Letter to the editor.
This is a letter to the editor from Tompkins County resident Genevieve Rand. To submit opinion letters, please review our letters policy here and submit them to Anna Lamb at alamb@ithacavoice.com. Also as an editors note: there is a public forum outlining the draft recommendations and answering questions from the community to be held Thursday, Feb. 25, at 6:30 p.m. on the Tompkins County YouTube channel. Members of the public who would like to ask a question live can register for the Zoom webinar here.

As many have seen in the widely shared GQ article, our Mayor just announced a police reform initiative that will disarm some officers, increase data collection and transparency on police conduct, and push community education on how to solve problems without calling the police. And yet, if you follow online discourse among activists and left-leaning community members, you’ve probably seen frustration, distrust, and disappointment.

How could that be, an observer might ask. Isn’t this what activists have been asking for? Don’t people want, as GQ put it, the most ambitious police reform effort in the country? Well, it’s complicated. And the anger is just as much about process as it is about policy.

Before I start, I want to be clear that many people more affected by and knowledgeable about policing have spoken at length on its merits and consequences, so that’s not my topic here. What I can fill readers in on is what’s been happening with this initiative both inside city government, and outside on the ground, as someone who’s been present for both and has read the lengthy report released on Tuesday.

First, policy. More transparency and fewer guns may be minor changes, but to most they’re improvements; at the very least, they don’t make things worse. That could have been the takeaway, but it’s not — because it’s not what Svante is pitching. He’s calling it “abolition”, “radical”, and “ambitious”, but it’s none of those. Signaling to communities calling for genuine police abolition and other truly ambitious changes and adopting their language, while clearly choosing not to deliver on their demands, is a messaging problem he could have avoided by just calling these reforms what they are: obvious, difficult-to-oppose changes with cross-spectrum support that politicians like him must make to maintain popularity in the face of local and national outcry at the state of policing. If that doesn’t get him in Gentleman’s Quarterly, so be it — at least it’s honest.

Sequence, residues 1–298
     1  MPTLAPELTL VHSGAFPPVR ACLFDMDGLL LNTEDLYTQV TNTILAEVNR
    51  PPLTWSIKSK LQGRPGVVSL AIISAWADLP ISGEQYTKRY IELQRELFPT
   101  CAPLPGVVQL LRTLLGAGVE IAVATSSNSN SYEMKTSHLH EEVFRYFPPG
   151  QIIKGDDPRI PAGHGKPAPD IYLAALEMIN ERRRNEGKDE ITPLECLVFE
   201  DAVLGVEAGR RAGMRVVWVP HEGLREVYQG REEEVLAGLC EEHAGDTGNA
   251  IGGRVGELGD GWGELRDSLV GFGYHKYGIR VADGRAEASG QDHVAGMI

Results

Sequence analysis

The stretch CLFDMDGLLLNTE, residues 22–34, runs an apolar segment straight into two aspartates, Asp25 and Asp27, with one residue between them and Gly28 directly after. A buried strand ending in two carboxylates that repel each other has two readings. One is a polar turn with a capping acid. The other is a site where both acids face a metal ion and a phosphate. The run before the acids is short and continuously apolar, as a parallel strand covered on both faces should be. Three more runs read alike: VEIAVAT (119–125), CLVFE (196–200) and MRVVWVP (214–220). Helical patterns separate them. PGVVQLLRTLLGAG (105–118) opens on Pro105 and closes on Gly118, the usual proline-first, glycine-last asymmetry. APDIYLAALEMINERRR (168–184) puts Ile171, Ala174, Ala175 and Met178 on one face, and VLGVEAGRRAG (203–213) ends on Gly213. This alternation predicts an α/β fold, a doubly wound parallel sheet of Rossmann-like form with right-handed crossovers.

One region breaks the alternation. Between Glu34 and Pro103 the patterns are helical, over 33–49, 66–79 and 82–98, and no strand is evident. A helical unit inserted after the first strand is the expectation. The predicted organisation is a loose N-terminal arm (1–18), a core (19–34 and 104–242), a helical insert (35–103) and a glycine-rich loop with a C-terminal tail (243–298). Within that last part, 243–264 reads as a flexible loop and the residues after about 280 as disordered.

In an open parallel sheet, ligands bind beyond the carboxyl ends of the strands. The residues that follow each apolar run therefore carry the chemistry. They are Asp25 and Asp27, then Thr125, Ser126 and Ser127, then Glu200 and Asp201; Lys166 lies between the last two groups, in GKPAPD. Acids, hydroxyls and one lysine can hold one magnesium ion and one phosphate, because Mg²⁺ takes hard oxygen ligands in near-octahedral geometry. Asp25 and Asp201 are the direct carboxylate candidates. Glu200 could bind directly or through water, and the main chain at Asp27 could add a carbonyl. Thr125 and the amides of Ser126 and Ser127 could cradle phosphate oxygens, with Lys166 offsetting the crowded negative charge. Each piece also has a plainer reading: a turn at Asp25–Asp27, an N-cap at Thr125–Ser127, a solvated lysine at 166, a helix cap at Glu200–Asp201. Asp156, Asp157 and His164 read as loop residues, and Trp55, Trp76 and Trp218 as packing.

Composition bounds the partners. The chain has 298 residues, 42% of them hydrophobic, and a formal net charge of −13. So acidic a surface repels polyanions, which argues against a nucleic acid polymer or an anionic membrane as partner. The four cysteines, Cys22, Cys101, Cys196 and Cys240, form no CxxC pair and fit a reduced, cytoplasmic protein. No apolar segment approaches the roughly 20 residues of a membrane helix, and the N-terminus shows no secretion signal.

And then, arguably more important than policy, there’s process. On page 30 of the 98-page report released alongside the Mayor’s announcement, a theme emerges that’s repeated throughout: “In nearly all focus group communities, our recruitment efforts were restricted by the sustained skepticism of the Reimagining Public Safety process,” the authors explain. “The overwhelming view of the process was that it was performative and nothing would come of it… numerous respondents refused to participate because of a lack of trust in the process and/or because they had participated in previous efforts and have yet to witness notable systemic changes.”

Yikes. For a city government, that’s a huge red flag, and should signal the need to take immense care to involve the community in each stage of this process — not just procedurally, but also emotionally. Many of those who did participate put time, energy, and faith into a government process they didn’t trust, solely because of how severely police have harmed the community through killings, beatings, and unjust incarcerations of Black and Brown residents in particular. Svante and the rest of city government promised this would be a community collaboration, a conversation — not just policy wonks issuing decrees from their seats high up in the palace of local power. And yet!

Suddenly, after the first round of public feedback, Ithaca unexpectedly finds itself in the national spotlight as Svante and a multi-million-dollar nonprofit from LA confidently drop 100 pages of The Plan in our lap — not just without running it by the community focus groups, interviewees, and forum attendants they promised to involve, but (if sources are to be believed) without the knowledge of a single colleague in city or county government. To many, after the reluctantly-believed promises of collaboration, it feels like a double-cross.

And here lies another messaging mistake of over-promising and under-delivering: the report is, in fact, very sparse in details. What will an unarmed response look like? When will you get an armed one? What proportions of each will the city employ? Will unarmed officers incarcerate people? What will the new officer training entail, and is it replacing or supplementing the old training? Nobody knows! The only thing we hear solidly from both the nonprofit and the Mayor is that they plan to spend more money on policing, despite noting that every community input format saw defunding and reallocating emerge as major themes — another double-cross.

Instead of starting a national media campaign over a vague plan with that glaring issue, he could have angled this as simply the first response in a two-way conversation, highly subject to change pending more rounds of feedback — but he didn’t. Combine the rush to tout a first-draft plan on the national stage and the appropriation of abolitionist language for minor reform, with the clunky rename from “Police Department” to “Department of Community Solutions and Public Safety” (rainbow emojis pending), and you’ve got the tuned-in activists and progressives feeling avoidably patronized or even insulted. That’s why people are upset.

So what should he do? Apologize, refocus on iterating this plan together with the community, and stop the press run until that’s done.